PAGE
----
I’ve shared my thoughts before about open-ended learning and why I think, it’s the way to go with
most all of the projects I do with Pari.
Just as a refresher – for my own sake – I’ll phrase my understanding of open-ended learning.
The experts describe it as process-based, child-driven learning wherein the child has freedom to do and make where his/her imagination leads him/her.
Go on to read why I’ve embraced this approach after much self-correction. I also share an example from our homeschool experience.
In an open-ended learning environment or a project, the child is not bound by a set of rules or instructions. He/she does does not work under the constraint of producing a particular result or striving for THE right answer. The outcome of the process can be ‘anything’. There can be many answers to a problem. All he/she has to do is ‘seek’ the outcome or the answer that appeals to him/her. Here’s a brilliant read about Convergent Vs Divergent Thinking on the Imagination soup blog.
The parent or the teacher or any adult who’s the ‘facilitator’ is merely ‘that’ – a facilitator – and does not pass on his/her own idea of the ‘final product’ or the ‘answer’ onto the child.
The main objective of open-ended learning is to let the child explore his creative instinct and imagination and basically enjoy the process of learning; be open and curious about it.
Having said this, as facilitators and teachers to our own children, we know that there will be many projects and lessons where we do need to define the learning theme, the process and even the learning objective.
After defining all this, do we still have the scope for open-ended exploration?
Yes, absolutely! And that’s the fun and the challenge for us facilitators.
Infact, realistically speaking, for most of the lessons or projects that we do with our kids we do have some sort of intention – literacy, math, gross motor/fine motor skill, physical agility or focus/concentration, or artistic skill or….
Well, we adults are always full of objectives. I tell ya! And, well, the intentions are well meaning but the approach is the key.
Even when the project is loaded with objectives, we can still make it very open-ended. Really! Rather, I would say, if we do want to achieve those well-intentioned learning objectives for our children, moulding the lesson to fit his/her interest and giving him/her the ‘control’ – is the best bet to nurturing curious, enthusiastic young learners.
I’ll share one example of open-ended project that could have become an out and out closed-ended if I had not consciously intended it to be.
One of the books that Pari absolutely loves is an alphabet book about the wild life, flora and fauna of Africa. We’d picked this fabulous book during our recent South Africa trip. She reads this herself and I go through it with her, too – to discuss our Safari stories and jog our memory about the animals that we’d seen ourselves in one or the other encounter.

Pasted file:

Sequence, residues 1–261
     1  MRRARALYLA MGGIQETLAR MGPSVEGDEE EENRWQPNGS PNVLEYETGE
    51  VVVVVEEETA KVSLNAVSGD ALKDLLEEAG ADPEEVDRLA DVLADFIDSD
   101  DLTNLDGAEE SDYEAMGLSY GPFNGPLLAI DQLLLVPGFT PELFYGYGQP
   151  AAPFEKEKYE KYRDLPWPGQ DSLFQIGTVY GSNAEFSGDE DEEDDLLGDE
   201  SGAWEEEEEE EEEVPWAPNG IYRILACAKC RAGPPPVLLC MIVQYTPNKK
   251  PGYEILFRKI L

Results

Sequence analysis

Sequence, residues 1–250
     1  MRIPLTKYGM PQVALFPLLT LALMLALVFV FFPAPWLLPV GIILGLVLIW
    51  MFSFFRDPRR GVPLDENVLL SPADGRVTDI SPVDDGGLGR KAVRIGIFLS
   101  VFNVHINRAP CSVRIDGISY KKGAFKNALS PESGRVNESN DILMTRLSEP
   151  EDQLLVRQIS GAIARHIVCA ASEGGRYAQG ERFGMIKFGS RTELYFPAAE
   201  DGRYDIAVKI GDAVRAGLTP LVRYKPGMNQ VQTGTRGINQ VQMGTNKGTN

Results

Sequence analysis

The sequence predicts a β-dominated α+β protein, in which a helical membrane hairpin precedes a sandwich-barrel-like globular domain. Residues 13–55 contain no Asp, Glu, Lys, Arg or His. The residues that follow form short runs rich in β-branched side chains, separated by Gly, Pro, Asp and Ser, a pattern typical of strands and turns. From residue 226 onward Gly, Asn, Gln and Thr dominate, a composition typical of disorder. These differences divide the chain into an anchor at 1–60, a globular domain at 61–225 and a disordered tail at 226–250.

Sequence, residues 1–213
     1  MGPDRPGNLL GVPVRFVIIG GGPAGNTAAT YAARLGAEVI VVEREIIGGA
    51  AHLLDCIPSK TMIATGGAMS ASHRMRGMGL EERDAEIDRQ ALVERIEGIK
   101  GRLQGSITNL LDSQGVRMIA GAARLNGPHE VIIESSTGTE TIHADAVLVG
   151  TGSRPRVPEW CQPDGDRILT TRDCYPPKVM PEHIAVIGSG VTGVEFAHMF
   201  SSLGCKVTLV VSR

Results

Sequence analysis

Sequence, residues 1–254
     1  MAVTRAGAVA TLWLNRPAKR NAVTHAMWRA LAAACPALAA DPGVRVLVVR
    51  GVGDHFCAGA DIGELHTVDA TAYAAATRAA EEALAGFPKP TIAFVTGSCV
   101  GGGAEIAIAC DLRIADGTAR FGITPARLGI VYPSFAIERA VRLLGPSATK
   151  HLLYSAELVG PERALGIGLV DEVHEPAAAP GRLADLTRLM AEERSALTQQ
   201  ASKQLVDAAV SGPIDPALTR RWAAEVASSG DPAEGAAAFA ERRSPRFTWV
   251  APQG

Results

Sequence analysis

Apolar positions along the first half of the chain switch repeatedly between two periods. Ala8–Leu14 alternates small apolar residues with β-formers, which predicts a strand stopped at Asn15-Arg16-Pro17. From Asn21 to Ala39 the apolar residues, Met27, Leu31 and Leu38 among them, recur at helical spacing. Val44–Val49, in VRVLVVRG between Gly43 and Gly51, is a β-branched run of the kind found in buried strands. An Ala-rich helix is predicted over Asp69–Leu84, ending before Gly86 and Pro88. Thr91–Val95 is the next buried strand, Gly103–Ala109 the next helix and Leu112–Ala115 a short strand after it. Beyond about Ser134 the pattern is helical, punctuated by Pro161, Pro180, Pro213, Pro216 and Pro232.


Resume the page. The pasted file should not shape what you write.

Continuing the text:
There’s always so much to talk about from any page of this book. The difference in spots on the body of Cheetah and Leopard; the Kelp plant and how its long stems float below the surface of the water; the African elephant in all its glory and how it’s different from the Indian elephant. All these make for very interesting story-time! Yeah – a mere alphabet book, when Pari’s way past alphabets!
The other day, I thought she could do an interesting art project integrating facts from this book.
How about making an otherworldly creature? A creature that would have features of different animals all combined into one! It could live anywhere SHE wanted it to – under water, in the sky, in burrows – wherever.
And, this is what she came up with. She drew the animal from imagination. To add unique characteristics, she referred to this alphabet book of African animals.
She could do as she fancied. She was not bound by any specific look nor by mama’s instructions!
This art+writing project helped reinforce her ‘knowledge’ when she noticed the spots of Cheetah vis a vis leopard.
When she drew the Kelp, we jogged our memory about the under-water plants – something that we’d read on another day, from another book.
The writing exercise was integrated with the art and yet proved a unique tool to help articulate her ideas and imagination. When you write something down, you gain clarity.
This whole exercise could have become ever so close-ended if I had asked her to simply write down the facts that we discussed – Cheetah Vs Leopard, facts about Kelp and water plants and so on and so forth. That might have sounded heavy and study-like. As if, she needs to learn ‘these specific lessons’.
She did anyway learn all those ‘lessons’ by way of painting the other worldly creature” and writing about it. But the approach was non-academic, light and open-ended. She learned without me having to ‘teach’. She ‘taught’ herself and did not even realize she had ‘learned’.
It has taken years for me to let go of my urge to give instructions to Pari or to correct her every now and then so as to make the project look pretty or to achieve the learning objective I intended for her. But, I learned. And, I changed. It felt like an awakening. Seriously! Nothing less. And now, nothing else will deviate me back to those past faulty ways of mine.
The more I let go of my çontrols, the less stressed out I feel and the more çreatively she thinks and enjoys!
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This is a Part 1 of this article on open-ended learning. I’ll share the Part 2 soon.
While we’re on this topic, I’d like to remind you about my Personalized Kids Story books giveaway that are a unique tool for encouraging love for reading – in an open-ended way. Enter the giveaway now. There are 5 prizes to be won and only 4 more days to go.